Thin-film zeolite membranes with tiny, molecule-sized pores are one step closer to replacing the energy-intensive processes now used in industrial separations, a group of academic researchers is reporting.
Writing this week in Science magazine, the group says the membranes' ability to separate molecules in a mixture is significantly improved by subjecting the zeolite to rapid thermal processing (RTP). By heating the membranes from room temperature to 700 degrees Centigrade in one minute, maintaining this temperature for up to two minutes and then quickly cooling it, the researchers say they have been able to eliminate the formation of grain boundary defects that undermine the sieve-like quality of zeolite's uniformly sized nanopores.
The research group, led by Michael Tsapatsis, Amundson Chair Professor of chemical engineering and materials science at the University of Minnesota, says RTP shows promise in achieving greater yield and energy efficiency in zeolite membrane production.
Tsapatsis' group reported its results in an article titled "Grain Boundary Defect Elimination in a Zeolite Membrane by Rapid Thermal Processing." The article was coauthored by Tsapatsis; Jungkyu Choi, formerly of the University of Minnesota and now a postdoctoral fellow at the University of California at Berkeley; Hae-Kwon Jeong, assistant professor of chemical engineering at Texas A&M University; Mark A. Snyder, assistant professor of chemical engineering at Lehigh University in Bethlehem, Pennsylvania; Jared A. Stoeger, a graduate student at the University of Minnesota; and Richard I. Masel, professor of chemical and biomolecular engineering at the University of Illinois at Urbana-Champaign.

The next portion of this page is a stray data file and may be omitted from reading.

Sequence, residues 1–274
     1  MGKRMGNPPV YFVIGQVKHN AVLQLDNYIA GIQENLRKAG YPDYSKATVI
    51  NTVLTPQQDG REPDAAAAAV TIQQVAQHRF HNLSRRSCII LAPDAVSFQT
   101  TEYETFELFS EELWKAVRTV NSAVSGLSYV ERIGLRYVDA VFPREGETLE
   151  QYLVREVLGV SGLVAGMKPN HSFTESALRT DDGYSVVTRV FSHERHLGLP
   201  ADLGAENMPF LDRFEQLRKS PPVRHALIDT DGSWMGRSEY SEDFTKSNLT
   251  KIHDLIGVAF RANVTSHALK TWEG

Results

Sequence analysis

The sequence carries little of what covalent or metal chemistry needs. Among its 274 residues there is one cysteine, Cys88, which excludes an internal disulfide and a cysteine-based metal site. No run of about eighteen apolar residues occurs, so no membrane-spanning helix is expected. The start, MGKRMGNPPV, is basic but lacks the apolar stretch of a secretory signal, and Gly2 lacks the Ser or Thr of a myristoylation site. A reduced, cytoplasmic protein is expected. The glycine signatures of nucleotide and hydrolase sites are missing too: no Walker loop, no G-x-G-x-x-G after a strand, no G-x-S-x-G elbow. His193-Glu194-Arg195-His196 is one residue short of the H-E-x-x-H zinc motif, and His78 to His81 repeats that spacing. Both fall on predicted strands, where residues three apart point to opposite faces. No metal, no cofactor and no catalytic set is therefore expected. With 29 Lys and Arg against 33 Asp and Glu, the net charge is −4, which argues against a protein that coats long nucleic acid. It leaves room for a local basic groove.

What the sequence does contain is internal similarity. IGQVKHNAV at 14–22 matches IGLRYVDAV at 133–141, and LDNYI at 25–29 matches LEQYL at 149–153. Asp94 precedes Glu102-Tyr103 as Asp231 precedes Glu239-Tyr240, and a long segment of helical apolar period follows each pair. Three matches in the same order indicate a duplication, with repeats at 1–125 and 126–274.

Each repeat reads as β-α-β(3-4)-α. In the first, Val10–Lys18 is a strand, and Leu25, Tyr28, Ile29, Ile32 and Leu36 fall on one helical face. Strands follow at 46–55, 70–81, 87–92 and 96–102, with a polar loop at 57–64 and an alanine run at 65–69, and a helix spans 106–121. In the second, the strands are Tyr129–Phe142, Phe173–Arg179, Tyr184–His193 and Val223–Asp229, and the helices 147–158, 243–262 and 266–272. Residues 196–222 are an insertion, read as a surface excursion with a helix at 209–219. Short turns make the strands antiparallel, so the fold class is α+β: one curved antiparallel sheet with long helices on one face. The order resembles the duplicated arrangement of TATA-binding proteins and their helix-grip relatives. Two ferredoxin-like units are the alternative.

Zeolites are crystalline aluminosilicate materials whose compositions and nanoporous structures can be fine-tuned for applications in catalysis, adsorption and ion exchange. They are called "molecular sieves" because their pores, being small and very u
|Contact: Kurt Pfitzer|